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The case against Mike Matheny as the next Royals manager

This would be a disaster.

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St Louis Cardinals v Milwaukee Brewers Photo by Dylan Buell/Getty Images

It’s been four years since the Royals graced the postseason, but coming off back-to-back 100-loss seasons, it feels like much longer. Sometimes, you probably have to slap yourself across the face (not recommended!) and ask yourself if it really happened. The Big Blue Machine was like a Saturn V, where we could see the stages, hoped like hell everything would work and then, once it did, stood by to witness it burn up on re-entry. There may be something to standing on the sidelines and not stress-watching baseball in October—your fingernails probably thank you—but watching as an impassioned observer just isn’t as fun. I mean, it’s probably not fun being a Nationals fan this time of year, but at least they have a chance. That’s worth something.

That said, one of the best things about the St. Louis being in the postseason (or depending on your feelings toward provel, the color red and arch-like structures, the only best thing) is that it’s become open season relive the disastrous end of Mike Matheny’s tenure as manager of the Cardinals. Matheny is currently in the Royals front office as a Special Advisor of Player Development—a position Ned Yost held for a year-plus before he returned to the dugout. This is the first time the Cardinals have been in the postseason since they ran into an ascendant Chicago club in 2015, and for many Cardinal-watchers, things are a whole lot better with Matheny out of the dugout. The latest missive that claimed things are much better in Cardinal Nation with Matheny out of the picture came from Forbes over the weekend.

Ryan Davis writes:

“Mike Shildt, who took over for Matheny in the middle of the 2018 season, has gone 132-99 in the regular season and brings a more modern approach to managing the game. While Matheny brought a mechanical aspect to handling players and a gut-only theology on game management, Shildt has built a strong relationship with his players and embraces analytics as a useful tool.”

There are currently seven managerial openings: Angels, Cubs, Giants, Mets, Padres, Pirates, and Royals. There will be some competition for some of the more sought-after possibilities. Joe Maddon will predicably get a ton of run in a few of the jobs. Joe Girardi will attract plenty of interest. Royals quality control coach Pedro Grifol, while not the same kind of name as those two, had previously interviewed in Baltimore and Detroit last year and has been linked to the opening in San Francisco. There are openings and there are names suitable to fill those openings.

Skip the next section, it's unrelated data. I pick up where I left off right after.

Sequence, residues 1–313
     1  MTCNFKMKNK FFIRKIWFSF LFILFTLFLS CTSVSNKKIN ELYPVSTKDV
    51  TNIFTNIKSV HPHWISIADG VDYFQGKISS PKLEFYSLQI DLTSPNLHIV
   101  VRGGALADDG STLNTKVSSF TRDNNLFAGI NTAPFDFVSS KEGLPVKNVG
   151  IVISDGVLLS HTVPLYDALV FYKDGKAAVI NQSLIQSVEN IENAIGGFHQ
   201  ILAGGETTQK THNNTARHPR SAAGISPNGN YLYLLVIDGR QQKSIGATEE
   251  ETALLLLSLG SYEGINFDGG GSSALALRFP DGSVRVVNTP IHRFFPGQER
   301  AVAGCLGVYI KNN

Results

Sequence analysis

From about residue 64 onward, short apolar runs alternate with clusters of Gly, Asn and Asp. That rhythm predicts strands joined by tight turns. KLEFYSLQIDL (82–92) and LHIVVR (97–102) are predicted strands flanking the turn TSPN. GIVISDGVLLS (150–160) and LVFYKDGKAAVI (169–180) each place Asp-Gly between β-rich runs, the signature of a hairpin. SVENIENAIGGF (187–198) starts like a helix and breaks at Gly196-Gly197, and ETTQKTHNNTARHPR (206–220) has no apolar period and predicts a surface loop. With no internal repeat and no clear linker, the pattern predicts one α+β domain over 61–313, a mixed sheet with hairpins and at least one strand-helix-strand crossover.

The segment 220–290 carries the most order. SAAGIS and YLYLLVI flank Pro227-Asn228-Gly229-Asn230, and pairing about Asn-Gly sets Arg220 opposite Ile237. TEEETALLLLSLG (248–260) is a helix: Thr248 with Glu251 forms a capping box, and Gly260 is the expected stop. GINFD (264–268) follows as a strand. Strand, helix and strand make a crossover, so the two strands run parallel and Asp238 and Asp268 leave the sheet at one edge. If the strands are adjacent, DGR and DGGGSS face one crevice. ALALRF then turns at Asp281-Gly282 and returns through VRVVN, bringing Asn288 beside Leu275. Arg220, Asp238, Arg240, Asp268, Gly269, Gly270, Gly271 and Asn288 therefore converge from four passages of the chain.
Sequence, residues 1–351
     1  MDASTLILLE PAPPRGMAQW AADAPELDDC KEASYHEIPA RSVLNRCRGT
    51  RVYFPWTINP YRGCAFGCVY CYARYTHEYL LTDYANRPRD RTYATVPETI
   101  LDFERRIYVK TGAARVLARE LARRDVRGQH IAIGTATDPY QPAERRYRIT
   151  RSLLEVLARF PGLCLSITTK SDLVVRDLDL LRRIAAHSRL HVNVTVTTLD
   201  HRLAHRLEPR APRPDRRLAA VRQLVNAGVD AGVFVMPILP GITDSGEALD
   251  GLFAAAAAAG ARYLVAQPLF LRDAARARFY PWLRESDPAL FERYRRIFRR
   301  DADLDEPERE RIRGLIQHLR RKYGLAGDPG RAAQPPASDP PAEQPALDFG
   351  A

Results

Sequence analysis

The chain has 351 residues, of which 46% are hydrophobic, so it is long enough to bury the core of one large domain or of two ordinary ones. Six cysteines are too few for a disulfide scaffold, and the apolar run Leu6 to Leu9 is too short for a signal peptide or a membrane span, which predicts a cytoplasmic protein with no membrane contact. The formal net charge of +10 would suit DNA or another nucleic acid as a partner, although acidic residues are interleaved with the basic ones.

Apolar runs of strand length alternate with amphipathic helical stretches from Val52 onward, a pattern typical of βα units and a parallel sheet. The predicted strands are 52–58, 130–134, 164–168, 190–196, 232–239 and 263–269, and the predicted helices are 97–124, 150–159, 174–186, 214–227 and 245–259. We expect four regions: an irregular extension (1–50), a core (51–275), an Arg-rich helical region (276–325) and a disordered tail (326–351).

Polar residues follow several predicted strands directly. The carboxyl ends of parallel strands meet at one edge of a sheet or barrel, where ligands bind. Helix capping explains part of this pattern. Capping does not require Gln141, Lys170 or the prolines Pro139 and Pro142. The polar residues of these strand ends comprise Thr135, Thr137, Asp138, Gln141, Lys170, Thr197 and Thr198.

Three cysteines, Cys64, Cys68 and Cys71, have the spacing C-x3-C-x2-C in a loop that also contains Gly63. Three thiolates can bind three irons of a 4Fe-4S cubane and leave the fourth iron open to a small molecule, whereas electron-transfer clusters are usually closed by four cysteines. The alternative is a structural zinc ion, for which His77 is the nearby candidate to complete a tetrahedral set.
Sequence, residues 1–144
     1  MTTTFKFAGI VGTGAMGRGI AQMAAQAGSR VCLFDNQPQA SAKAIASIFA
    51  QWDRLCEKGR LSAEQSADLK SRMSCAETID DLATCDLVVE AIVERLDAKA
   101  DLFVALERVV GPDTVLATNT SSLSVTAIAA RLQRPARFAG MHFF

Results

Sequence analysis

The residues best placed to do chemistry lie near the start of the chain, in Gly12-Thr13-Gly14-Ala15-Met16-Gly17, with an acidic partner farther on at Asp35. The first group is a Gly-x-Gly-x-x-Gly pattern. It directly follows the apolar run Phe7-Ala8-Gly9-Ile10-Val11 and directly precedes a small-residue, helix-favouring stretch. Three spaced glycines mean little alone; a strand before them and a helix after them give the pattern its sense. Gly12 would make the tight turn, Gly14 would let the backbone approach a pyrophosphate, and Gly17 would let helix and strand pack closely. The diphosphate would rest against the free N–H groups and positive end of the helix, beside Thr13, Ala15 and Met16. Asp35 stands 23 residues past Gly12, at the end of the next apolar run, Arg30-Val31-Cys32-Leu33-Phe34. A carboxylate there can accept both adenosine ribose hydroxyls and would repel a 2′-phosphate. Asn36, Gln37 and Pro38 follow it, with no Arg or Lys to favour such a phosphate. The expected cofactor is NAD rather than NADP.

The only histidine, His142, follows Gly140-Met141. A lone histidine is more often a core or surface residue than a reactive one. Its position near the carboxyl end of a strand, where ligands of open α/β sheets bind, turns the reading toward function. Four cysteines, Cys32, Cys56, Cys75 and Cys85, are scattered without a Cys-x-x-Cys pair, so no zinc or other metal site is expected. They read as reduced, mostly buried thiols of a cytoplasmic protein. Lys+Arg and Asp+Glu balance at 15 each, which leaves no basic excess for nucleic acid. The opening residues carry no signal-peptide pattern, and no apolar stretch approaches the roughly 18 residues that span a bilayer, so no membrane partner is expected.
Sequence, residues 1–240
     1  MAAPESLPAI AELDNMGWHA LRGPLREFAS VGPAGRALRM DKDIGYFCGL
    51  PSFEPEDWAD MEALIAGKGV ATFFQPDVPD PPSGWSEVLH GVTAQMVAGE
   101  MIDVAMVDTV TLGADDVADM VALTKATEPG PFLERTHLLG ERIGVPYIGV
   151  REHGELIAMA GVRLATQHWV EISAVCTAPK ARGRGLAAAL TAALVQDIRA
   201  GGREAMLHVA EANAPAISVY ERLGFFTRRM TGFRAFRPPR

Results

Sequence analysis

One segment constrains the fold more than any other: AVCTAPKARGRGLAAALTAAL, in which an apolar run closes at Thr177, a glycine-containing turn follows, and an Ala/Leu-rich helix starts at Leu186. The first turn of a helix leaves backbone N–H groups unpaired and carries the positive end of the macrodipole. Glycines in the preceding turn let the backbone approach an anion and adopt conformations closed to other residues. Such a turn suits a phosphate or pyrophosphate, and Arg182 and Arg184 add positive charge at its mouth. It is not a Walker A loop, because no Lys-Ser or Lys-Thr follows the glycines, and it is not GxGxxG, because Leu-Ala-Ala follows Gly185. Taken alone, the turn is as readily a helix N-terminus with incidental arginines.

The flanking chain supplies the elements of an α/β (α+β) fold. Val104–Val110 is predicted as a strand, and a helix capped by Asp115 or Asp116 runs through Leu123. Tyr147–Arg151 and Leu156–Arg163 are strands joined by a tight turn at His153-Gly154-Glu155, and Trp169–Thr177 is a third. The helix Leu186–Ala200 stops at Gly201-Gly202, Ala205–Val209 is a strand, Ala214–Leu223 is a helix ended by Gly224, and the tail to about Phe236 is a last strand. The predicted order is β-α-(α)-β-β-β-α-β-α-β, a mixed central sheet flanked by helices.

The delightful part of this managerial musical chairs is that it’s not unlike the pursuit of big name free agents. You know, where such-and-such team signs so-and-so’s friend/cousin/life coach so that puts this particular club at the front of the pack for his services. Or this player once dated a woman whose brother went to a nearby community college, so he is familiar with the area making him a natural fit for Team X. This conjecture isn’t much different from throwing darts blindfolded after drinking a few Boulevards. Throw enough at the board and eventually something has to stick.

That’s a way of saying it takes a little work to separate the fact from fiction. Maddon is, of course, a front-runner in Anaheim. Connect the dots. He has a long-term history in the organization and the Angels fired Ausmus after Maddon became available. This is just basic High School Relationships. Maddon has already sent the note that says “Do you like me?” and the Angels already returned it with “YES” circled.

That’s kind of what makes the Matheny-to-KC rumors so frightening. The Royals took this path once before. He has major league managing experience, which is important considering the Trey Hillman debacle from almost 10 years ago. He also has a postseason track record, while not a prerequisite, it can’t hurt in the eyes of a front office hopeful The Process 2.0 can somehow accelerate. Matheny is also a man of deep faith who describes himself as “very religious” and says “God (is) an ever-present guide,” which certainly counts for something in the Kansas City front office. In his role as Special Assistant, it has given him an opportunity to evaluate the organization and become familiar with it, something Yost underscored as invaluable as he moved back into the manager’s office. Check, check, check annnnnnd check.

But here’s the deal, the groundswell of negativity toward even the possibility of Matheny taking over as manager is building. I’ve never seen anything quite like it. Drop Matheny’s name on Twitter and you’re met with several “Oh my god, I hope not” or “Anyone but Matheny” replies. Casual acquaintances are asking me who I think the next manager will be and will insert a “as long as it isn’t Mike Matheny” into the conversation. His exit from St. Louis was messy, his relationship with many of the players, including the leaders of the team, frayed. The consensus is that his success in St. Louis was a carryover from the LaRussa years and once his thumbprint was firmly on the organization, the lean years arrived. His reputation is not positive at this point.